Salvo 12.27.2023 7 minutes

The Grift of the Magi

White House Media Briefing Held By Press Secretary Karine Jean-Pierre And NSC Coordinator John Kirby

Is it magic or illusion?

What is the difference between a magician and an illusionist? The definitions in trade literature say that an illusionist works with larger set pieces, whereas a magician performs smaller intrigues with cards or dice or handkerchiefs.

There is also a philosophical distinction. Audiences know that a magic show consists of “tricks,” but the magician implicitly claims to have an arcane power to transcend the apparent limitations of reality. His performance is meant to show that those limitations were artificial: it suggests he possesses a supernatural ability that his audience does not. In executing the trick, the magician challenges the audience to expose him.

The illusionist, too, induces a misperception by the audience, but he implicitly acknowledges it as such. His “illusion” creates the appearance that the natural limitations of reality have been transcended. He tacitly concedes that things are not as they appear. The mystery posed by the illusionist is how he makes things seem different than they actually are. The mystery of the magician is how he can modify reality in ways that should not be possible.

Any close observers of the Biden Administration know there is a yawning chasm between appearance and reality in 2023. How can the White House and its proxies continue to claim that prices are down despite all evidence to the contrary? How can they keep insisting that crime is down, even as pharmacies and department stores begin putting even the cheapest items under lock and key to resist waves of brazen shoplifters? How can they maintain their exuberance that Ukraine is on the cusp of victory in their war with Russia, even as there has been no discernable change in the momentum of either side in many months? How can they use lawfare to keep the leading candidate for the presidential nomination off the ballot, all while crowing about defending “Our Democracy”?

It’s clear that the White House is attempting numerous psychological manipulations simultaneously. If you’re reading this, you probably see through their tricks. But that hasn’t deterred our authorities from waving their magic wands. Why not? Typically, when the audience exposes a trick as mere sleight of hand, the performer stops trying to convince them of the lie.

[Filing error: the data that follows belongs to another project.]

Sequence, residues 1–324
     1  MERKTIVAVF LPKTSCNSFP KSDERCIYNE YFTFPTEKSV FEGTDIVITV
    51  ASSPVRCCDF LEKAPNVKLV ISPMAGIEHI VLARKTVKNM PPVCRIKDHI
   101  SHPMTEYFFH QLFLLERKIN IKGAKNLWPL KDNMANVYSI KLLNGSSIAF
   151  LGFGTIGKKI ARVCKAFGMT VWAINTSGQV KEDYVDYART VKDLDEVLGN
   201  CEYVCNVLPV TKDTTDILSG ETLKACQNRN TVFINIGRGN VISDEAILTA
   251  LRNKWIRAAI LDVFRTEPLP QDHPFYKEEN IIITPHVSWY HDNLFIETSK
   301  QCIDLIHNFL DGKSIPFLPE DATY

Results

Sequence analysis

The administration’s persistence presents an interesting question: how do they see themselves? When they try to convince us that reality is something other than what it is, are they acting as magicians or illusionists? More simply: Does the administration expect us to believe that they have actually changed something about the world through a deliberate act of power? Or are their claims disingenuous—a means to induce a popular misperception so that the public sees reality inaccurately?

The Establishment Magi

The modern word magician shares a common etymology with the word magus. In the most basic sense, a magus or “mage” is just a “powerful man” or “wise man.” But a magus is usually someone who possesses an arcane, cosmic knowledge that allows for a deeper, mystical insight on reality—something akin to a wizard or sorcerer. The “magi” from the Christmas stories told in the Gospels seem to have been men of this sort: they didn’t simply see the Christmas star, they knew when it arose, what it meant, and what they would find when they reached the place where it rested.

The people who populate our elite institutions see themselves as wise men with a heightened ability to perceive reality who benevolently offer these revelations to lesser men. Under their unerring guidance, they see government as a classical aristocracy: a regime in which the “best” people rule. And their rule is righteous, since the masses’ lack of vision disqualifies them from governance. We are in their debt.

If establishment elites see themselves as magicians, then we know that our government believes in their own competence and aptitude. From their perspective, their great power is to help the public see reality in a truer, fuller way than before—one that common people were incapable of until the magician’s revelation of the truth. The “magical” feat performed here isn’t any genuine modification of reality. Rather, it is the ability to remove the scales from the eyes of a benighted public, allowing them to see reality clearly for the first time.